These days, MacBooks are still selling exceedingly well -- well for Apple and excellent compared to much of the PC laptop industry. And the super-slim MacBook Air with snappy solid-state drives (SSDs) are popular too.

While I like the idea of the MacBook Air personally, it's just not a good desktop replacement. The hard drive sizes are too small, and messing around with a bunch of external storage for desktop use ... nah. So that leaves the MacBook Pro. They come with an exciting blend of processor, disk options, along with the new Thunderbolt ports. I was totally set on getting a new MacBook Pro -- to serve primarily as a desktop machine 95 percent of the time -- until I experienced the sweet ease-of-use the tablet form factor brings to mobile action.

The key difference between an iMac and a MacBook Pro isn't the screen size. I can easily hook up my 24-inch monitor to any MacBook, and they'll all drive it just fine. So while I drool over the 27-inch iMac screen, it's not a huge decision factor. What does pique my interest is the combination of quad-core i5 processors with graphics processors that are more powerful than what you can get in a MacBook Pro. Sure, you can beef up a MacBook Pro to pretty impressive stats, but it sure does seem like you get more overall performance for your dollar out of an iMac. I could even go with a 21.5-inch iMac and still use my 24-inch monitor. That's a lot of screen real estate for as low as US$1,200 (because I already have the extra monitor). Tempting. Either way, the 21.5-inch offers a better screen experience than comparably priced MacBooks. The savings over a fully-equipped 15-inch MacBook Pro starts to make buying and iPad 2 with an iMac more interesting than ever.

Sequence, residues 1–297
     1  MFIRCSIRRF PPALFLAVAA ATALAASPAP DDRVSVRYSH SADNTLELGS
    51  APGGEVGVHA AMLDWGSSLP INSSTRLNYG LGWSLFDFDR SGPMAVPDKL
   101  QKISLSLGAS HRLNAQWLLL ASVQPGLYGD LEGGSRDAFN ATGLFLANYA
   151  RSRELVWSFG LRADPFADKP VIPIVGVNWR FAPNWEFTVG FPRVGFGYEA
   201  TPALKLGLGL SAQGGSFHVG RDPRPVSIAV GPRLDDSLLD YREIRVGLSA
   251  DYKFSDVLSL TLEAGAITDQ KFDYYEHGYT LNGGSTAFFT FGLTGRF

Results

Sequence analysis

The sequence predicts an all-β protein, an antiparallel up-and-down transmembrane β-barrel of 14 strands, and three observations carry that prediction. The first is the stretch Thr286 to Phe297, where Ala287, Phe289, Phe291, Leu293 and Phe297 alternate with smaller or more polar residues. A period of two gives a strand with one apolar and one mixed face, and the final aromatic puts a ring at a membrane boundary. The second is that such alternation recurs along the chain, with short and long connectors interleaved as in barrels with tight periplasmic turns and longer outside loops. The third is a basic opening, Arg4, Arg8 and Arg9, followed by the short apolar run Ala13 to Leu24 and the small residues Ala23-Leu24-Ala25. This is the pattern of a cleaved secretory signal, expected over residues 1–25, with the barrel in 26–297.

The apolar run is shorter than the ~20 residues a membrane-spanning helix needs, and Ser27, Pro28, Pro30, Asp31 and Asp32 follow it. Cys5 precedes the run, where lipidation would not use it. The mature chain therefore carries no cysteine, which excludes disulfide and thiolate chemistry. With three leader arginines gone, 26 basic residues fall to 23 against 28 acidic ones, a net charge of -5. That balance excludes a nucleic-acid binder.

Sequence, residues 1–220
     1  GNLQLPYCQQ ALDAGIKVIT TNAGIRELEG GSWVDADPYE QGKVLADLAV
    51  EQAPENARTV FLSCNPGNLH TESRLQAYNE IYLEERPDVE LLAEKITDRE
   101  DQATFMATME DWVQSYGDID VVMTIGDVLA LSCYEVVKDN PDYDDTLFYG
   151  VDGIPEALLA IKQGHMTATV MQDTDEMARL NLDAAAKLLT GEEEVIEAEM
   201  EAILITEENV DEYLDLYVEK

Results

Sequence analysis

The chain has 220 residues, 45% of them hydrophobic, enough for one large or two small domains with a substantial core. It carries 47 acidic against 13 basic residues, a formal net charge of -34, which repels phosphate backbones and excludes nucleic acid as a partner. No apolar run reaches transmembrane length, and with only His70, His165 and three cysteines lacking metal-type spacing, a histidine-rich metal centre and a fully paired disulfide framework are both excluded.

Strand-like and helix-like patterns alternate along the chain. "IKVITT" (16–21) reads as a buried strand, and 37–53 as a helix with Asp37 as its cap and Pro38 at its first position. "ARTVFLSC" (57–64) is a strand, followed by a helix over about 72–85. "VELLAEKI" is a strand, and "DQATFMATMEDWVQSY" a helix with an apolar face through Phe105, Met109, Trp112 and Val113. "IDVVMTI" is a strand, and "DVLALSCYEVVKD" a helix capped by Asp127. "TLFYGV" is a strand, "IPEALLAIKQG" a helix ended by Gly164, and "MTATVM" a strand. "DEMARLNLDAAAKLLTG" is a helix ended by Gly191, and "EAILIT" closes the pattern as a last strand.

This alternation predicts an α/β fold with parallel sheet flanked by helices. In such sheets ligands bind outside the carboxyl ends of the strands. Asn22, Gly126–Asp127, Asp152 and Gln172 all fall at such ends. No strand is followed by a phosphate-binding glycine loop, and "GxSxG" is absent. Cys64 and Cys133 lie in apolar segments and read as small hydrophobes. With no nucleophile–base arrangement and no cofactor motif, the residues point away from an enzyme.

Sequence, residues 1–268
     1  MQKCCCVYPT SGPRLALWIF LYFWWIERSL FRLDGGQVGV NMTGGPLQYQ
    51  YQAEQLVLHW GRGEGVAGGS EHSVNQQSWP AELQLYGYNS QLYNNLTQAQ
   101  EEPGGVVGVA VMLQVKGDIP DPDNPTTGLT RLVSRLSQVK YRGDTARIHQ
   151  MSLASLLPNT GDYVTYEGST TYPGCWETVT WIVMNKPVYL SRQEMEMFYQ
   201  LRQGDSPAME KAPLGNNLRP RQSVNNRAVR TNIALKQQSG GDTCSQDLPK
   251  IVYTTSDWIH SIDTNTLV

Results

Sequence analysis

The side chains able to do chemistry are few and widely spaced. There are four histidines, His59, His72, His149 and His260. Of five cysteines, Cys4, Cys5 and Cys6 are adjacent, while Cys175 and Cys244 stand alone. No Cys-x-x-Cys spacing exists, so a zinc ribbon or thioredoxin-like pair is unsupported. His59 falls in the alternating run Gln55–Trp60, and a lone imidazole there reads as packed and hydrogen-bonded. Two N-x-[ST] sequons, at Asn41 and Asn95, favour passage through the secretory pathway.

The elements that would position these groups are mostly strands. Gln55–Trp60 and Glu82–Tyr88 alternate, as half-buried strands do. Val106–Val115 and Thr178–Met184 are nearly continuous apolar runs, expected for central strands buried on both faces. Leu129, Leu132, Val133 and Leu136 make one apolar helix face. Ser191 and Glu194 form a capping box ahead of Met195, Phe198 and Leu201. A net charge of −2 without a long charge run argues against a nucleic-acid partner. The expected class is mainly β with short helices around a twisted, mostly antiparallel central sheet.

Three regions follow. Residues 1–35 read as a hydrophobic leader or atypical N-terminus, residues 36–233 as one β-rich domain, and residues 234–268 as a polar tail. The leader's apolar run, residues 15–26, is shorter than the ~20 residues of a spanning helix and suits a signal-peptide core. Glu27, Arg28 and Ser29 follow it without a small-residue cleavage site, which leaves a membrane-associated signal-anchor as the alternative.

I imagine this sort of intersection between powerful tablet mobile abilities and more powerful desktop computers will appear in the PC world too, but I doubt with quite the potential impact, because PC and notebook PC prices tend to be quite a bit lower than iMac and MacBook prices.

Halo Effects

So the iPhone's halo effect led to more Mac sales overall, but what will the iPad 2 effect be? Will iPad sales cannibalize MacBook sales? And if so, will it also boost iMac (or Mac mini) sales for people like me?

I won't be making a move until after Apple ships Mac OS X 10.7 "Lion" this summer, which gives me ample time to thoroughly examine performance specs after various labs do their reviews. Any way you cut it, though, my iPad 2 has reignited my interest in the iMac line.

MacNewsWorld columnist Chris Maxcer has been writing about the tech industry since the birth of the email newsletter, and he still remembers the clacking Mac keyboards from high school -- Apple's seed-planting strategy at work. While he enjoys elegant gear and sublime tech, there's something to be said for turning it all off -- or most of it -- to go outside. To catch him, take a "firstnamelastname" guess at Gmail.com.

Digital River - Talk to the Experts
If my employer requires me to return to the company's office full-time to perform my job, I will...
Agree, because I like my job regardless of where I perform my duties.
Comply, because I can't afford to lose my current job.
Go with the flow, but start looking for different employment.
Resign immediately, so I can dedicate all of my time to find a job that better suits my needs.
Try to negotiate a hybrid work from home / work in office arrangement with my employer.
Waylay IO
Contact Center AI Explained by Pop Culture
Contact Center AI Explained by Pop Culture